Qui Tam: Its Benefits and How to Report
Fraud – Revised on 6 September 2012
As an update to previous ASC Legal Newsletter articles regarding fraud, a number of
methods are available to report fraud and other abuses. Qui Tam lawsuits remain a legal
method for any individual to sue fraudulent contractors on behalf of the federal government.
It is possible that a person who brings such a law suit can get a percentage of the money the
federal government is awarded as a result of the suit.
Additional ways to report Fraud, Waste and Abuse:
For service members, contractors, and civilians serving in Southwest Asia, the Department
of Defense Office of the Inspector General has established a special toll-free Defense
Southwest Asia Hotline Number: 1-877-363-3348 or DSN 312-664-1151. Alternate option
available to submit an internet form: http://www.dodig.mil/HOTLINE/submit_complaint.htm
Personnel in CONUS can call (800) 424-9098.
The Government Accountability Office maintains Fraud NET to facilitate reporting of
allegations of fraud, waste, abuse, or mismanagement of federal funds. The U.S. Government
Accountability Office (GAO) is known as "the investigative arm of Congress" and "the
a. Submit an internet form: https://www.gao.gov/cgi-bin/fraudnet.cgi
b. Send an E-mail: firstname.lastname@example.org
c. Call: 1-800-424-5454 (automated answering system)
d. Write a letter: GAO FraudNET, 441 G Street NW Mail Stop 4T21,
Washington, D.C. 20548
e. Send a FAX: 202-512-3086
U.S. Office of Special Counsel (OSC’s) Disclosure Unit (DU) serves as a safe conduit for
the receipt and evaluation of whistleblower disclosures from federal employees, former
employees and applicants for federal employment. For assistance with filing a disclosure
contact the DU Hotline at (800) 572-2249 or (202) 254-3640. Claims of prohibited
personnel practices, including reprisal for whistleblowing, may be pursued by filing a
complaint with OSC’s Complaints Examining Unit (OSC Form 11, Complaint of Prohibited
Personnel Practice) https://www.osc.gov/oscefile/Login.aspx.
The U.S. Attorney’s Manual provides provision for handling of Qui Tam Suits Filed
Under the False Claims Act.
Additional Facts Regarding Qui Tam Lawsuits:
What does Qui Tam Mean? Translated from Latin, it is “he who sues for the king as well as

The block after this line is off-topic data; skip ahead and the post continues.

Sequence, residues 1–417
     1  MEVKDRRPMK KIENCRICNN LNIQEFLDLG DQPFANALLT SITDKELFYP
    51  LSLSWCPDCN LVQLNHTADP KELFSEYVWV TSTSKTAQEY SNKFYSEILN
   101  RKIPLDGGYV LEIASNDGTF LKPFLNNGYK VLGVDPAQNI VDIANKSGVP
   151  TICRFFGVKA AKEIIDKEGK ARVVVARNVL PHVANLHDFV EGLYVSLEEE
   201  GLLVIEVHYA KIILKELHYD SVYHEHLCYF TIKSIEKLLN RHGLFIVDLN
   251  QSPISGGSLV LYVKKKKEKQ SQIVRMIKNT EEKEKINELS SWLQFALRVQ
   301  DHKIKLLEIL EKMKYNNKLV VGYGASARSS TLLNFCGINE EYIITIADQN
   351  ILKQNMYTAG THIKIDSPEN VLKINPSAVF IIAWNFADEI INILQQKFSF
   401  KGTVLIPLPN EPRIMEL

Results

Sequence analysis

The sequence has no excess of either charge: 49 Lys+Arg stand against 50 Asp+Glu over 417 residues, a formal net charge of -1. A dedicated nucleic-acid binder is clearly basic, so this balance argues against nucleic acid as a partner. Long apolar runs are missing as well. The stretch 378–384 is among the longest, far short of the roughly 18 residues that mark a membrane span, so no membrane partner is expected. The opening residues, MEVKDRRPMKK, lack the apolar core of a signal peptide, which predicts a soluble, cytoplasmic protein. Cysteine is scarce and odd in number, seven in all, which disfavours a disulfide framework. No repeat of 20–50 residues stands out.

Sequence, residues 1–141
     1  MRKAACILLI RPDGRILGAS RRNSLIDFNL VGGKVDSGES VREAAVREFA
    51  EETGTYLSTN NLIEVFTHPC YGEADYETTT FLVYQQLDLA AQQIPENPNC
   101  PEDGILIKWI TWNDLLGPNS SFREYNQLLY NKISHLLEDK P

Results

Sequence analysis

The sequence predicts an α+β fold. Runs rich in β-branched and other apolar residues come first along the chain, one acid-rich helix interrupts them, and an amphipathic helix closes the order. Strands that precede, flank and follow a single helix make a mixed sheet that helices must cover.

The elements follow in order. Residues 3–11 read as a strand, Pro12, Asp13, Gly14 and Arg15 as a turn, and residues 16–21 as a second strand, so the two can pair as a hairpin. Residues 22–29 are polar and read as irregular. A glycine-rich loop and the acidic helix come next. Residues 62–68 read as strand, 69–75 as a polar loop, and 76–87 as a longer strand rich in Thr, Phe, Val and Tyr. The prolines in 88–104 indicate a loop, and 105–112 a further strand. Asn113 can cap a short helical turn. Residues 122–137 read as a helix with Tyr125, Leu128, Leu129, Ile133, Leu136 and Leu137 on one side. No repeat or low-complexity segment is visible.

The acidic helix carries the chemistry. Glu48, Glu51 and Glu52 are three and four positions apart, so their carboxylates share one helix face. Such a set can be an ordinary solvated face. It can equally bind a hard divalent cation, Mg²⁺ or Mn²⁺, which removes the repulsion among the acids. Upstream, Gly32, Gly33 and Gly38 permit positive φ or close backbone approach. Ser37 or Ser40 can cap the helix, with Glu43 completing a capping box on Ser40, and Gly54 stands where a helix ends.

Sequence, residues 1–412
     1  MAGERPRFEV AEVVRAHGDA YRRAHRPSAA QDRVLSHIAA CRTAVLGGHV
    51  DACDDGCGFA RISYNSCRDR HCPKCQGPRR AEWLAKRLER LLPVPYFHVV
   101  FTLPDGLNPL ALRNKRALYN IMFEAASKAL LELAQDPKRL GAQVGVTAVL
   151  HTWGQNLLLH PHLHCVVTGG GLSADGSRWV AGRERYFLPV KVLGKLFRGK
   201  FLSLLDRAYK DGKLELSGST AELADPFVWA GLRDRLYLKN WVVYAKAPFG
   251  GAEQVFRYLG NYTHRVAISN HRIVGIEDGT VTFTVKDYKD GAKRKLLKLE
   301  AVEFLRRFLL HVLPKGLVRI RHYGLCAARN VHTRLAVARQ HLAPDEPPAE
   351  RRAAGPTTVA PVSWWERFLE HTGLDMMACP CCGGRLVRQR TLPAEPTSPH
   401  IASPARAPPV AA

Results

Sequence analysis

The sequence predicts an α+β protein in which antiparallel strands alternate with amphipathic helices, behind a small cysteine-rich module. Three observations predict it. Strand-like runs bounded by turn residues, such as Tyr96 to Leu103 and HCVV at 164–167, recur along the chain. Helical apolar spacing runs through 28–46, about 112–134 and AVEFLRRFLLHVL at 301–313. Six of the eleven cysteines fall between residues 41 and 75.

Why does Qui Tam exist? President Abraham Lincoln enacted the False Claims Act during
the American Civil War in an effort to reduce the amount of fraud which was being
protracted by contractors doing business with the Army of the Potomac. A provision in the
False Claims Act exists which allows private citizens to sue on behalf of the government and
get a percentage of the recovered money.
According to a DOJ Press Release, in fiscal year 2007, as result of Qui Tam Law Suits,
whistleblowers were awarded $177 million. The United States obtained $2 billion in
settlements and judgments in the fiscal year ending September 30, 2007. Of the $2 billion,
$1.45 billion is associated with suits initiated by whistleblowers under the False Claims Act's
qui tam provisions.
The False Claims Act with Qui Tam provision can be found in United States Code, Title 31,
Section Sec. 3730. Civil actions for false claims.
10 USC Sec. 2409 01/07/2011 prohibits Reprisals. - An employee of a contractor
may not be discharged, demoted, or otherwise discriminated against as a
reprisal for disclosing to a Member of Congress, a representative
of a committee of Congress, an Inspector General, the Government
Accountability Office, a Department of Defense employee responsible
for contract oversight or management, or an authorized official of
an agency or the Department of Justice information that the
employee reasonably believes is evidence of gross mismanagement of
a Department of Defense contract or grant, a gross waste of
Department of Defense funds, a substantial and specific danger to
public health or safety, or a violation of law related to a
Department of Defense contract (including the competition for or
negotiation of a contract) or grant. For remainder of 10 USC Sec. 2409 see